Morel with all the issues of female essence (differance). Mrs. Morel, who came from a little capitalist class, aloof and cultured, is a woman of knowledge of a Victorian woman but her character can be read from Marxist-Feminist point of view. From very young, she has been struggling against patriarch, fighting for her existence and for women’s rights, longing to become an authoritative, independent and responsible man. As the England industrial atmosphere came, in the man-centered family, her husband treated her sadistically, Mrs.
Morel naturally constitute an alliance with her sons to live, she taught them to change their social position and entered the middleclass, through knowledge and will, the children became Mrs. Morel’s tools to make her dream and ambition come true. But all these just paint deep tragic color to Mrs. Morel. Because Mrs. Morel chose the rood to setting up a union with her son to become hermaphrodite didn’t come true. She put her children in her bosom, cast her own dream and life outlook on her children, hoped to fill in her emotion empty because she is a wife-submissive.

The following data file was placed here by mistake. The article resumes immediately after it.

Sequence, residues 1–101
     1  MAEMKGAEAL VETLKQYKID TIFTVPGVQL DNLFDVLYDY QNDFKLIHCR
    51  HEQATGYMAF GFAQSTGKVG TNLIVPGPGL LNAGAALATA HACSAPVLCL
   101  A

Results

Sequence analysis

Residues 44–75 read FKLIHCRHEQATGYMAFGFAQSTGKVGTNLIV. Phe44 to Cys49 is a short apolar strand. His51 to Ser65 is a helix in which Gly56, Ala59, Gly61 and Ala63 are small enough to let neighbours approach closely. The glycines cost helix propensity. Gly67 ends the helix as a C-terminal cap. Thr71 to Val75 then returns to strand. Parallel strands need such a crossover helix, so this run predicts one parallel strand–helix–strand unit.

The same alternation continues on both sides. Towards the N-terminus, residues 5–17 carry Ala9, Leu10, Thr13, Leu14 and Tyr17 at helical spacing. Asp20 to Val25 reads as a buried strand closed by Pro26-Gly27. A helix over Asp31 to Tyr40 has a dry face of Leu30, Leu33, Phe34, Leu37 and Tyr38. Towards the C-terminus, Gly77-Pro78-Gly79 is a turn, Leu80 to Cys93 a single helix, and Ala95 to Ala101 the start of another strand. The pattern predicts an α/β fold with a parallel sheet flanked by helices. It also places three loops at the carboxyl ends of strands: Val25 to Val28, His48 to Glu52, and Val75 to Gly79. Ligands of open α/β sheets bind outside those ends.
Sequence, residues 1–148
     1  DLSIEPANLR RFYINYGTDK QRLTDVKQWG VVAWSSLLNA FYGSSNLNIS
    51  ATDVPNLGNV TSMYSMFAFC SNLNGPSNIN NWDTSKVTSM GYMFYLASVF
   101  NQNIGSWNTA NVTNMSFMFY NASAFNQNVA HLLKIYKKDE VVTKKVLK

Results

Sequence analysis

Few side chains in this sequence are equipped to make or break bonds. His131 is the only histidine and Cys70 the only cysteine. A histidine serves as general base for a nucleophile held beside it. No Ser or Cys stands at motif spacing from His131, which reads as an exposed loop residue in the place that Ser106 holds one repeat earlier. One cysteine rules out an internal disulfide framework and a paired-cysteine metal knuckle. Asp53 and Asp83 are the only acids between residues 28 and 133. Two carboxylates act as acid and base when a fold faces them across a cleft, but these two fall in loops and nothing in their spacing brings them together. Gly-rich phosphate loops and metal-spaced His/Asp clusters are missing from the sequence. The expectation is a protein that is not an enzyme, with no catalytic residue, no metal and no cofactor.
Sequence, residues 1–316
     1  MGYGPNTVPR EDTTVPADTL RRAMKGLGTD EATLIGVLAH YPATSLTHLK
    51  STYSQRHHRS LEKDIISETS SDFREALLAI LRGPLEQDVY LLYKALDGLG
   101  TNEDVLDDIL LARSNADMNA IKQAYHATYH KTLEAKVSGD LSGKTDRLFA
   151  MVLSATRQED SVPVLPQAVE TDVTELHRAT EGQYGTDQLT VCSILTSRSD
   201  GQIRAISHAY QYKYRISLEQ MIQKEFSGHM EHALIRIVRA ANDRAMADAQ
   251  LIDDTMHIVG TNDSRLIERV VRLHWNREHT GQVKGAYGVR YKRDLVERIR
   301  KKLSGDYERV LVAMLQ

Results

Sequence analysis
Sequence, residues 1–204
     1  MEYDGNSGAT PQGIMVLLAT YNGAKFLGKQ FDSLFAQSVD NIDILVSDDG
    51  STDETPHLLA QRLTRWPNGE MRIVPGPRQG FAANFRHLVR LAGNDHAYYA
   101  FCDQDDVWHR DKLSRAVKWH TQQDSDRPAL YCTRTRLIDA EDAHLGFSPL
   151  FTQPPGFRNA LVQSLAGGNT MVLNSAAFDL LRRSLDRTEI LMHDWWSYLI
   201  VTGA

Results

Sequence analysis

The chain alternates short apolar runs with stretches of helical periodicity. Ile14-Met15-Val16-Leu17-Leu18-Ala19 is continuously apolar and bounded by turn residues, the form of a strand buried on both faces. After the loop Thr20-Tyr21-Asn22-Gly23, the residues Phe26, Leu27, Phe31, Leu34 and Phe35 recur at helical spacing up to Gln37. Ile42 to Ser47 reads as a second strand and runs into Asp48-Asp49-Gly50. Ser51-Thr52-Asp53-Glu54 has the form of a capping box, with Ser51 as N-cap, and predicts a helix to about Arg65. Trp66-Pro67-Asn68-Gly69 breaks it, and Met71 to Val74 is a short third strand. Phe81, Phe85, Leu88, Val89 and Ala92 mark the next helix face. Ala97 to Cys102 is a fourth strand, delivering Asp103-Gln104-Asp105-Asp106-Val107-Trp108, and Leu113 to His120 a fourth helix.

Although this abnormal maternal lieu helped her sons become outstanding, hold back free growth of individuality, cause their thought variant and their personality split. Mrs. Morel’s existence is the only support to Paul’s life road to become an artist. Through loving his mother, Paul tried to find man’s rights even in sleep. She should be responsible for this abnormal love, no matter what position she held in her sons’ growth, she got only the colored utilizable repay, she didn’t fulfill her emotion’s need, and this is her very most tragic thing.
But this is just a simple summary of the whole novel and there are more left for discussion. D. H. Lawrence believed in male supremacy and that is why he wrote that “as a matter of fact unless a woman is held by man, safe within the bounds of belief, she becomes inevitably a destructive force”. Simone de Beauvoir terms this attitude “bourgeois conception” and states that Lawrence rediscovers this conception that woman should subordinate her existence to that of man. Thus, Lawrence can be regarded as an anti-feminist.